Committee member Del Close dedicated much of his career to honing and teaching the Harold. In the 1994 book "Truth in Comedy," generally regarded as the improviser's bible, he and co-authors Charna Halpern and Kim "Howard" Johnson explain that "the Harold is like the space shuttle, incorporating all of the developments and discoveries that have gone before it into one new, superior design."

Close's efforts as an instructor and co-founder of Chicago's iO Theater became the foundation for much of American comedy as we know it.

No local venue feels that influence more acutely than Huge Theater. With "Harold Turns 50," Minnesota's most visible improv venue is paying homage to its roots and giving some of the Twin Cities' top improvisers a chance to get back to the basics.

"There are a lot of improv structures, but there's something magic about the Harold, the way you start with an opening and it brings out a truth," said Drew Kersten, director of the Kempt team.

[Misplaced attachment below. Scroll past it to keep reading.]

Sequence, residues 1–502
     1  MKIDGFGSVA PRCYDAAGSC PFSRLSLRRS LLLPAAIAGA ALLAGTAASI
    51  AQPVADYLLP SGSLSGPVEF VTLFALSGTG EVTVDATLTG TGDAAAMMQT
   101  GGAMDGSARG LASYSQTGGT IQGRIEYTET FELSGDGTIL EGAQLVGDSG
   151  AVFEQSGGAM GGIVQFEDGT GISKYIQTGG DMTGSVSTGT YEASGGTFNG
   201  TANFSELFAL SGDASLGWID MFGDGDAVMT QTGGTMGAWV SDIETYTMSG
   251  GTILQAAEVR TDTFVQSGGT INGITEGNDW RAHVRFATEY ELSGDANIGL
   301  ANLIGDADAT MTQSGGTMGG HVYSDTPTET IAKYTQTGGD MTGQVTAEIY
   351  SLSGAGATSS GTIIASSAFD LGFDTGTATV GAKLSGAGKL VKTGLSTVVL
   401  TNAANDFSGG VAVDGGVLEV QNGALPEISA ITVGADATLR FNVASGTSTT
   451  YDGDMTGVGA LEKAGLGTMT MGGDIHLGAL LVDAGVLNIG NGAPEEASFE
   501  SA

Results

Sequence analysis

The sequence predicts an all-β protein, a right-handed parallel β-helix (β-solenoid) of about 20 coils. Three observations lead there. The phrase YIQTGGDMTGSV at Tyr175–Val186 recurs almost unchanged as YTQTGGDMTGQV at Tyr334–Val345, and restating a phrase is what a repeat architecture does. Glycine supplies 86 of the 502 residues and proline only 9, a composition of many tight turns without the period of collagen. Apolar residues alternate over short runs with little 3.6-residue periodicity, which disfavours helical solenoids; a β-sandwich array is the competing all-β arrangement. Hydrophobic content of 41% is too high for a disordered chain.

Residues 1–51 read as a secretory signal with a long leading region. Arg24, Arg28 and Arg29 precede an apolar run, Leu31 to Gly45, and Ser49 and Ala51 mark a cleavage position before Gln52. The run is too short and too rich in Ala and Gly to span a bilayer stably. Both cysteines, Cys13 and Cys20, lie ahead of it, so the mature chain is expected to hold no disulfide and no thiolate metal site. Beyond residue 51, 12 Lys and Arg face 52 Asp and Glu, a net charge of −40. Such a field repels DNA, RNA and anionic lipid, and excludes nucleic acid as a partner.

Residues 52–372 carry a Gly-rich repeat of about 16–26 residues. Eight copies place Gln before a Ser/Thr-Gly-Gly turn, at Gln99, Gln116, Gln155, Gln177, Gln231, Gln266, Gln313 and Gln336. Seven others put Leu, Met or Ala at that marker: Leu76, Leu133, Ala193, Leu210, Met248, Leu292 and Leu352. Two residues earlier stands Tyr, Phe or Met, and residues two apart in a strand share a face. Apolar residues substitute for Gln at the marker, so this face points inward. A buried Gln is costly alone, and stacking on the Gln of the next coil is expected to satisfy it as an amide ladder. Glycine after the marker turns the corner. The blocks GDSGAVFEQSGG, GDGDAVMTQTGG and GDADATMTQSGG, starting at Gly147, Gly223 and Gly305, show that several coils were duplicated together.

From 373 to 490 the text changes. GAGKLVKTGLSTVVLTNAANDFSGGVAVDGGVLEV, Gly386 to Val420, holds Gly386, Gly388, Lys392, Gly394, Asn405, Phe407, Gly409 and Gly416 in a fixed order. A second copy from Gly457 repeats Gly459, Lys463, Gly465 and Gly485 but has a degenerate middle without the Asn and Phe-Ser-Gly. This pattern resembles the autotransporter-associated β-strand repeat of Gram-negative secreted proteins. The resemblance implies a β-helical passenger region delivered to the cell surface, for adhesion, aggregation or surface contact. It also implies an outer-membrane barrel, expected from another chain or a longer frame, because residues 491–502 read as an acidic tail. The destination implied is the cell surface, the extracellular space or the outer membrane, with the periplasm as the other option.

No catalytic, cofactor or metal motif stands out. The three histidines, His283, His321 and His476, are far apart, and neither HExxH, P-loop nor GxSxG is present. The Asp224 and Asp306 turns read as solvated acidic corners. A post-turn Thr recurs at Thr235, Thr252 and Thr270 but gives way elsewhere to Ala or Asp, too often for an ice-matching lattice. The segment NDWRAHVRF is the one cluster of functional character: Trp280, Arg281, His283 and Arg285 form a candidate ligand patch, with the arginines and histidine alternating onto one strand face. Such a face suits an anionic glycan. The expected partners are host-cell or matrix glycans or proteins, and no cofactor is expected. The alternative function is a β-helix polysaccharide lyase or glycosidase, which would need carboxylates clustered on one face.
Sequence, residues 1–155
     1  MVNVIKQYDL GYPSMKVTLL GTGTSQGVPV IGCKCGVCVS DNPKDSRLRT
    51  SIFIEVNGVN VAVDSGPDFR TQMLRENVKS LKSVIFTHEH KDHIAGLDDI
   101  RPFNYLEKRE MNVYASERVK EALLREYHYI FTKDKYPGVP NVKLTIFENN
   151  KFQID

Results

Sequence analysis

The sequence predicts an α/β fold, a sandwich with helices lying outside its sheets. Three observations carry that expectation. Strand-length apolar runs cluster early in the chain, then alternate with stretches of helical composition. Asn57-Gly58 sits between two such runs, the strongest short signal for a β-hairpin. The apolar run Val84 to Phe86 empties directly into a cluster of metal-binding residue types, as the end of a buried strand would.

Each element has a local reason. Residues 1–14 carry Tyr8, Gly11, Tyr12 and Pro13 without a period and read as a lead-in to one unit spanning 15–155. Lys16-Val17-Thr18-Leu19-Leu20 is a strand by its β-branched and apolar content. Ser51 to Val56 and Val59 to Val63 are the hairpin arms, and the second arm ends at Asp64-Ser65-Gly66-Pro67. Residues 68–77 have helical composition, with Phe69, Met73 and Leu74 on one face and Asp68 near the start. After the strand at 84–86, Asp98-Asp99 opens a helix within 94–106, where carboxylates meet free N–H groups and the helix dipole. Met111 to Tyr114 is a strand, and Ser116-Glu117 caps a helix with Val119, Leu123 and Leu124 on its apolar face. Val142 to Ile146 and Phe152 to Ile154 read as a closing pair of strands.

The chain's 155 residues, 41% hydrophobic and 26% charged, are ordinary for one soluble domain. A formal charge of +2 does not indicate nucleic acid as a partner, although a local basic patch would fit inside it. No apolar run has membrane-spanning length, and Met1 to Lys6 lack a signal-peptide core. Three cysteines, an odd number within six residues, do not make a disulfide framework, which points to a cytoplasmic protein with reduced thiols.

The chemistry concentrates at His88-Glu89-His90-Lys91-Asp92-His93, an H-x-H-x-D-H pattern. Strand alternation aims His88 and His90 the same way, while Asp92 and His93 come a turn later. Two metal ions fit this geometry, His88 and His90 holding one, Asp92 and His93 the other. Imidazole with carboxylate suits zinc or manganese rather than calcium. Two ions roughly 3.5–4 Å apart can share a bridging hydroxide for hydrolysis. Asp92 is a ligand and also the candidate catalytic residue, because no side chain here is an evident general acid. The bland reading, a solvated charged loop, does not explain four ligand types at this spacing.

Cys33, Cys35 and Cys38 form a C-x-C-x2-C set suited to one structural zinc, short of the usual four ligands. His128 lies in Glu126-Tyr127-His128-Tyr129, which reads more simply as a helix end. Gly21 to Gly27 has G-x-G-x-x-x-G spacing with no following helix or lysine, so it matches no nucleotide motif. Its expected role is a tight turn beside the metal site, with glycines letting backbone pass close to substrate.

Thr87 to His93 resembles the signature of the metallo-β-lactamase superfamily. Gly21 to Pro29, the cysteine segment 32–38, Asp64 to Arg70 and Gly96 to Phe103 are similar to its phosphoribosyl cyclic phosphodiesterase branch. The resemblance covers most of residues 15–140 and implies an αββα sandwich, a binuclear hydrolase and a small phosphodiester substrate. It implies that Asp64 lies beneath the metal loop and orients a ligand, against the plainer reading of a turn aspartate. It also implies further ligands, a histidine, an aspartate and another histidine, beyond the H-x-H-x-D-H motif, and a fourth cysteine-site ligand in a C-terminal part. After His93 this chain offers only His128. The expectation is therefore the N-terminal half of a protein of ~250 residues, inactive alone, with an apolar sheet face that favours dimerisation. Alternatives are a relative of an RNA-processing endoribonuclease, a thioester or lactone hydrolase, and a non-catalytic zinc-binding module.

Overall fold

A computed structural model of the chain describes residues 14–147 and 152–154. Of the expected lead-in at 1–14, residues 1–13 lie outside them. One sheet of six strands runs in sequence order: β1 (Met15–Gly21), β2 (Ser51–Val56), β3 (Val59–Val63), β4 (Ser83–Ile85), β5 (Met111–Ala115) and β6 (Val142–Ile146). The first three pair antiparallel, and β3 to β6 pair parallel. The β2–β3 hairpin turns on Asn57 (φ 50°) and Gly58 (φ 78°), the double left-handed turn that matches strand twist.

Kempt assistant director John Gebretatose agreed that it's all about capturing those truths. "It's people playing with confidence … making comment on real-life things. Like women's shoulder pads in the '80s and how they had to look like football players just to get through life. For me, that's what makes it successful: a through-line or a narrative commenting on society."

One of the reasons improv remains a hard sell for some audiences is that it's the ultimate "had to be there" entertainment. It's difficult to explain how the shoulder pad observation might snowball into a scene about Jennifer Aniston devouring the life force of her young fans, but for those watching the performers feed off one another's energy and make connections, the evolution is electrifying.

Those hazy connections are very much by design, Kersten said. "If the opening is about Diet Coke, you don't want to see three scenes about Diet Coke. You want them spread out as far as possible, so when they start to come back together it brings a bit more of that magic."

The laughs in a Harold show seldom come from a standard setup/punchline delivery. In fact, one of the first rules laid out in "Truth in Comedy" is "Don't go for the jokes." Instead, the comedy in a long-form show comes largely from watching relatable situations spiral into unexpected directions.